The increase in performance with Cr-Pyr during the first intervals is slightly larger than with Cr-Cit. Moreover, Cr-Pyr reduces fatigability during all following intervals. The improvement results from an increase in contraction velocity during all intervals and an increase in relaxation velocity . This suggests ADP or Pi levels are reduced and ATP re-synthesis is increased during exercise, which should lead to an increased VO2. In fact, the improvement in performance is accompanied by an increase in muscular VO2 measured during the breaks. As blood flow decreases during the 15 sec of exercise due to the high forces occurring , muscular oxygen uptake during exercise cannot be very high. Therefore, measurements during the breaks are representative for the oxygen consumption during the exercise period. The ratio VO2 to mean power drops similar to Cr-Cit indicating that most of the improvement is due to the increased VO2, however a small amount of energy is still derived from anaerobic sources. The energy must be derived from phosphate stores since lactate levels did not change. The amount is comparable to that observed after the Cr-Cit supplementation. The additional amount of aerobic work after Cr-Pyr supplementation compensates the creatine effect on ammonia release as the ratio ammonia release to mean power is not significantly different between pre and posttests. Thus the improvement by Cr-Pyr seems to be caused by a different mechanism perhaps resulting in increased ADP concentration compared to Cr-Cit.
Possible reasons for the increased aerobic metabolism
A potential creatine effect on the time course of VO2 is related to Phosphocreatine breakdown (Bessman cycle or Phospho-Creatine shuttle) . Cr-Cit and Cr-Pyr supplementation should result in a similar increase in muscle creatine content; hence varieties in VO2 cannot be explained by differences in the Bessman cycle. Additionally, there are some studies showing that VO2 during exercise is unaffected , or the VO2-kinetics is even slowed down after creatine supplementation  and oxygen consumption after exercise of high intensity or during breaks is unchanged .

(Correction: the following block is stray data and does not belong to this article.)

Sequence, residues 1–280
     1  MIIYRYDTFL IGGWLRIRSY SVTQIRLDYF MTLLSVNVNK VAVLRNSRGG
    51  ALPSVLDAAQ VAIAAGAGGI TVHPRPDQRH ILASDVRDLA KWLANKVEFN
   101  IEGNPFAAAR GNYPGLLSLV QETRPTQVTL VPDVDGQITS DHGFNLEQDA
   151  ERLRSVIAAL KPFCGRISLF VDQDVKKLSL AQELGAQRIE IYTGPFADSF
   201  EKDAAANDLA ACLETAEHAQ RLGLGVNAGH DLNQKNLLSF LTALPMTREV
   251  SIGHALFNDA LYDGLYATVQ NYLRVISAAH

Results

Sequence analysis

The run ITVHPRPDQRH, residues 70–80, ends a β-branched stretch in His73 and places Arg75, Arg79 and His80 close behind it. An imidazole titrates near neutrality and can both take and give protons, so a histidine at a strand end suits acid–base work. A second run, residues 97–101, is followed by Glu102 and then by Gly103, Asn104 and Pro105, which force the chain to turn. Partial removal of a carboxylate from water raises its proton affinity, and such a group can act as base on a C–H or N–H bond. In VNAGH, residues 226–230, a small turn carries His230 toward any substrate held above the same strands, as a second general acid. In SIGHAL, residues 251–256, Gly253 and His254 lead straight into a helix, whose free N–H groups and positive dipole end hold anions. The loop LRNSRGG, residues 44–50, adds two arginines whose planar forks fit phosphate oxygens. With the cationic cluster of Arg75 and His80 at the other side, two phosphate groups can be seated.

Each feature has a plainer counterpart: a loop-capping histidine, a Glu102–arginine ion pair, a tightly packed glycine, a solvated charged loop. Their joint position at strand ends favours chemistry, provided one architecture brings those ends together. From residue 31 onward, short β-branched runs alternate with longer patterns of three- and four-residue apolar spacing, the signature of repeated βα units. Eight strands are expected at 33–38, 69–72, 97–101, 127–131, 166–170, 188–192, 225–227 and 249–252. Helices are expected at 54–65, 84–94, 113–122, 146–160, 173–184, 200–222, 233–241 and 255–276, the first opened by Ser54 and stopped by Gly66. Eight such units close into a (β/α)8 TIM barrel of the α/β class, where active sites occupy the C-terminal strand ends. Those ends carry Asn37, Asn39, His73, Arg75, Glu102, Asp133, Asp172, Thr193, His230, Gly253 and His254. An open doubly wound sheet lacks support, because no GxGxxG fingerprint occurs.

The observed results suggest additional pyruvate benefits in the Cr-Pyr group. The role of pyruvate supplementation might be to decrease the relative inhibition on aerobic glycolysis due to elevated creatine phosphate and ATP levels. It may also be reflective of a more rapid regeneration of ATP and reduction in the inorganic phosphate increase, allowing for higher intracellular calcium ion concentration, permitting the higher frequency contraction and relaxation. To achieve an additional effect of pyruvate an increase in plasma pyruvate concentration should occur. A recent study showed that one-time administration of 5 g Cr-Pyr does not increase plasma pyruvate concentrations . However, previous research found a cumulative effect of pyruvate administration increasing the plasma pyruvate concentration by about 60% after 4 weeks . In the intestine and the liver, pyruvate can easily be converted to ketone compounds  or different amino acids . If parts of these substances or of the pyruvate absorbed were distributed to the muscle the pool of substances for anaplerotic reactions would increase. This enables the muscle to replenish the pool of tri-carbon-cycle intermediates rapidly at the beginning of exercise. This replenishment might favor the flux through the TCA cycle and thus increase the delivery of protons to the respiratory chain. The increased concentration of intermediates might also act as a pyruvate buffer, with the function to deliver carbon skeletons to the TCAC. Both mechanisms could be beneficial during the transition from rest to high intensity exercise to increase oxygen uptake . Given the transient presence of anaplerotic substrates, the effect might be short-lived and not subject to long-term accumulation over time. The results of more acute administration or different organic salts of pyruvate would be of interest.